When you start to really feel the constraints of this type of system, moving becomes extremely important and time sensitive.
But you don’t have to wait until you’re in this crunch to move. And that is exactly why programs like D365 Business Central exist – to make switching before you’re really hurting easy and affordable. That way, as your business grows, you can create optimal workflows and processes right away.
Smaller accounting systems are great for getting started, but not great in scaling with your business.
How Much Does an ERP System Cost for a Small Business
The cost of an ERP system depends on the pricing model and type of implementation offered by the vendor but there are two main options; perpetual licensing or subscription plans.
Perpetual Licensing is used most often with on-premise ERP systems that are deployed to your own servers. You will most often pay a perpetual licensing fee, which is a one time cost paid up front, for the number of users and customizations required. This type of model does not take into consideration ongoing costs for maintenance, support, or upgrades.
Subscription Plans are the most common payment models for cloud-based ERP systems. This model bundles implementation cost, the licensing, maintenance, and support into one payment that is paid monthly or annually.
The subscription model has gained a lot of traction over the last several years, as it allows smaller companies to switch to an ERP system without needing to pay a large implementation fee upfront.
Factors that Impact Cost of ERP Systems
While it is extremely difficult to toss out a number for an ERP implementation, there are several factors to consider when trying to estimate the cost.
- Number of Users – most ERP systems are priced per user and can range from $250-1000k.
- Applications and Modules – ERP systems come with a lot of different modules (maufacturing, project management, CRM, etc.) and depending on your business needs, you might not need all these modules configured. Knowing which are critical to your business can help an ERP vendor give you the most accurate quote.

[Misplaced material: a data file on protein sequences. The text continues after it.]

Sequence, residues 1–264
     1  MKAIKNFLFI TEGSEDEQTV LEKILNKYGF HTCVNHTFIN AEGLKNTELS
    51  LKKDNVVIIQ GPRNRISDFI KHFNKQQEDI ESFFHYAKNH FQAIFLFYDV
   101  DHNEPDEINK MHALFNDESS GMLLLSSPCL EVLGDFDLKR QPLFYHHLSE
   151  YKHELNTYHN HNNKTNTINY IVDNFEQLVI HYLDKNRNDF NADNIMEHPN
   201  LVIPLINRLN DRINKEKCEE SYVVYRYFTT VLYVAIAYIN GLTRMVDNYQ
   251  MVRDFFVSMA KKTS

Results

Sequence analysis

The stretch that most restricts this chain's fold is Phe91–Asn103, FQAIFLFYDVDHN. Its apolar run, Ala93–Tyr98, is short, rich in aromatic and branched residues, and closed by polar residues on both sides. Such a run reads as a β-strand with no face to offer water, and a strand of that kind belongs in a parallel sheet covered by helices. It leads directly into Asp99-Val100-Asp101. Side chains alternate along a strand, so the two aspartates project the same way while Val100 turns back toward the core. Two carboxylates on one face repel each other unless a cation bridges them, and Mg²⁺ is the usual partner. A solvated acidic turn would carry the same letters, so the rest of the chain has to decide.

- Third Party Add-Ons – what third party systems are you currently using? Some of these extensions and add-ons might come built into an ERP system, but others will require integration. Third-party licensing can be about 10-15% of the overall software cost.
- Implementation – this often is the bulk of the project cost and why it is important to choose a vendor who understands your business and industry.
- Maintenance & Support – most ERP systems require ongoing support and maintenance. Be sure to ask your vendor about additional cost associated with support. Some vendors, like Kopis, offer an unlimited support model built into the monthly subscription cost making it easy and affordable to get the help you need when you need it.
The bottom line? ERP implementations can range from $30,000 and up.
What if I Only Have One or Two Users and Don’t Need a lot of Extra Capabilities?
We face this question often, and it’s a great one. When you consider all the factors of an ERP implementation, many small businesses aren’t ready for a large, robust system yet. But that doesn’t mean Business Central, or another cloud-ERP system isn’t a good fit.
When your needs are simpler and you’re really looking for a system that will grow with you in the future, there are programs out there for a quick, easy, and affordable transition from systems like QuickBooks to Business Central.
Consider Kopis’ Rapid Start program. This program is designed specifically for SMBs looking to make the change to an ERP system with needing only a few users, have basic accounting needs, and want the option to easily scale.
Built with the basic idea that SMBs should not have to sacrifice thousands of dollars and ease of use for capabilities, Rapid Start allows you to pay for what you need when you need it.
- Small, one-time migration cost
- Predicable stable price every month
- Never pay for software updates
- Unlimited support included
Rapid Start is for SMBs needing core financials and simple jobs reporting and starts at $250 per month per user.
- Microsoft Dynamics 365 Business Central is a cloud-based ERP system for SMBs across industries
- There are a lot of module options available when your business grows
- Cloud-based ERP systems are more affordable and offer flexible pricing packages
- Kopis can help transition SMBs with their Rapid Start Program